Sub-Saharan Africa's experience of average 5-6% growth rates over the past five years -- the biggest growth spurt in a generation -- had placed considerable strain on the continent's antiquated infrastructure long before the onset of the current international financial turmoil.
Bottlenecks in power generation, port capacity and efficiency, and road and rail networks had been identified as the key constraints on economic growth -- in some countries such as Nigeria reducing growth by as much as 3% -- leading to concerted efforts to boost Africa's historically low share of global investment flows. This goal had been greatly assisted by a continent-wide trend -- with notable exceptions -- towards greater political stability and improved macroeconomic management, which had helped trigger a revival of foreign investor interest in Africa's undervalued assets and the continent's medium- to long-term growth prospects.
Global slowdown. The past year has upturned expectations of continued investment growth. The Washington-based Institute of International Finance forecast in January that net private sector capital flows to emerging markets will fall to about 165 billion dollars in 2009 from the 466 billion dollars recorded in 2008, and warned that capital flows to emerging markets are in danger of collapse as the financial crisis in developed economies chokes off the supply of credit to developing economies. The sharpest contraction in the supply of capital will come from already stressed commercial banks, which are expected to make a net withdrawal of about 61 billion dollars from emerging markets in 2009.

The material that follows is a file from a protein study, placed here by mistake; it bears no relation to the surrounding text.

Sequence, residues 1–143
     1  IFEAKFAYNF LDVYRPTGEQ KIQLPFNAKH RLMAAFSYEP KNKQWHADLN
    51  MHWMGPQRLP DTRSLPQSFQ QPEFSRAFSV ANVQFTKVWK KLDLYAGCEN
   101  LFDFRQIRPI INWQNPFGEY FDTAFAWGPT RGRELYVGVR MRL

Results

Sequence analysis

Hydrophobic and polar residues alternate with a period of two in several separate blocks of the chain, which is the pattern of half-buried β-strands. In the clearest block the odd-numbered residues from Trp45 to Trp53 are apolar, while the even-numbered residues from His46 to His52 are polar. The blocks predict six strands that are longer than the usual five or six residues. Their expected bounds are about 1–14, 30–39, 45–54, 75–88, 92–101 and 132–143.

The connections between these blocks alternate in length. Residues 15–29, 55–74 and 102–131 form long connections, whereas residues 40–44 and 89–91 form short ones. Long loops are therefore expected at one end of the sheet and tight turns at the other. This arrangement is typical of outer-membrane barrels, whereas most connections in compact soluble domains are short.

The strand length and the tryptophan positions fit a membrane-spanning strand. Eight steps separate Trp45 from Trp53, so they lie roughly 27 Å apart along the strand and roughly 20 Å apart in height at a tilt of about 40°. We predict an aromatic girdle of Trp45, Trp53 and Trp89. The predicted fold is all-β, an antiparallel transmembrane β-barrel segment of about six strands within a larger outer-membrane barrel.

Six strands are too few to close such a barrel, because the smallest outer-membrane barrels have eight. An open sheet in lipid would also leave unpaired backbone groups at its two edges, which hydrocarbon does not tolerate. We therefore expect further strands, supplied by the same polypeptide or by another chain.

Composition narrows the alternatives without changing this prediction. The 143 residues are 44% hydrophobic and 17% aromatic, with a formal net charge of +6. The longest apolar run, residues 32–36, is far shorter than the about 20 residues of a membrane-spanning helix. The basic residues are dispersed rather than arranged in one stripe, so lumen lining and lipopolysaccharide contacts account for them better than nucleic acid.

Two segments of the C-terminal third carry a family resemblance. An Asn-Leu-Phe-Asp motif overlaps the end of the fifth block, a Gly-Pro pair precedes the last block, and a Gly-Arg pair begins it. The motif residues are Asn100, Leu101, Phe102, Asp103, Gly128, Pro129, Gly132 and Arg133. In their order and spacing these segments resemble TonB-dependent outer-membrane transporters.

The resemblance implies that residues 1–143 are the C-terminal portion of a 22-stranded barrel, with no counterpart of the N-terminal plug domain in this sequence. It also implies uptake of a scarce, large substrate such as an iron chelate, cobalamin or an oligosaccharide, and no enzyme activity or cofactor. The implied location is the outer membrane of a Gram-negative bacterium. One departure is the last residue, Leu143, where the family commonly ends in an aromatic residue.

Both the IMF and World Bank have now drastically scaled back their forecasts for African economic growth in 2009 -- with the IMF expecting growth of 3.25% and the World Bank expecting growth of 3.5%. These forecasts are half what was expected six months ago, and both institutions have warned that they could be subject to further downward revision.
Policy responses. Various initiatives -- largely stopgap measures -- are underway in an effort to mitigate the impact of declining capital flows, notable among which are:
• the World Bank's proposed vulnerability fund, although given the failure to honor the Gleneagles commitment to increase aid flows to 0.7% of GDP, expectations are not high;
• the African Development Bank's plans to triple lending for African infrastructure schemes in an effort to salvage key projects; and
• the International Finance Corporation's 3 billion dollar recapitalization fund for credit-starved banks in Africa, Asia and Latin America.
South-South alternative? African frustration that its long-awaited economic revival has been choked at birth by a credit crisis hatched in the developed world has found expression in calls for greater efforts to boost South-South trade -- especially the India, Brazil, South Africa (IBSA) forum. Trade among developing countries has been increasing both as a share of developing countries trade and as a share of world trade for most of the past decade, and remains a dynamic growth area.
However, the center of gravity in South-South trade remains with inter-Asian trade, which accounts for two-thirds of all intra-developing country trade. IBSA is seeking to boost trilateral trade to 25 billion dollars by 2025 from 11 billion dollars at present. Even if that target is reached, Africa's share of it will remain small and cannot compensate for the downturn in trade with the North.
Outlook. Africa's lack of integration in world markets shielded it from the primary impact of the subprime crisis. Internal reform has helped generate a secular growth spurt not wholly reliant on high commodity prices. However, improvements in savings, investment, productivity and diversification are not sufficient to sustain that growth in the face of a protracted period of low commodity prices. The first victim of the slowdown will be investment in the infrastructure upon which future growth will depend.